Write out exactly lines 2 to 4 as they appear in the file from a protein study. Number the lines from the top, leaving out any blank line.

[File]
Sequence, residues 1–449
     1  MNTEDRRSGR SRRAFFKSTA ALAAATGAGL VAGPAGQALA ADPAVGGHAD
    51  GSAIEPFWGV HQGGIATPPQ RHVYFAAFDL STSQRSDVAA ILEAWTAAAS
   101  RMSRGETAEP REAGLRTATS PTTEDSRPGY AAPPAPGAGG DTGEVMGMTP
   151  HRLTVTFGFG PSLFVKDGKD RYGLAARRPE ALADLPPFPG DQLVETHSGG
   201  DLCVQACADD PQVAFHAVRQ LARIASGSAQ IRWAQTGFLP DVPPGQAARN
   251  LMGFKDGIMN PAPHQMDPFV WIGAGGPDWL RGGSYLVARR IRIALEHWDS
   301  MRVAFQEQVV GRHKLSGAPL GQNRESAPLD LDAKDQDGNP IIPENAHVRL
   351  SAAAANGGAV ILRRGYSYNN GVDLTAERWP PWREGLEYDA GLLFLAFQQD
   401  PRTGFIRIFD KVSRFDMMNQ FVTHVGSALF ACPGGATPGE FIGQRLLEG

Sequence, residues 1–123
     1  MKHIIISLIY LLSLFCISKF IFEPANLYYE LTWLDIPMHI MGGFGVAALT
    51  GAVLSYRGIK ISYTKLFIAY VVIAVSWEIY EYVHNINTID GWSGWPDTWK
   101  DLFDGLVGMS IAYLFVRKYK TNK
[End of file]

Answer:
     1  MNTEDRRSGR SRRAFFKSTA ALAAATGAGL VAGPAGQALA ADPAVGGHAD
    51  GSAIEPFWGV HQGGIATPPQ RHVYFAAFDL STSQRSDVAA ILEAWTAAAS
   101  RMSRGETAEP REAGLRTATS PTTEDSRPGY AAPPAPGAGG DTGEVMGMTP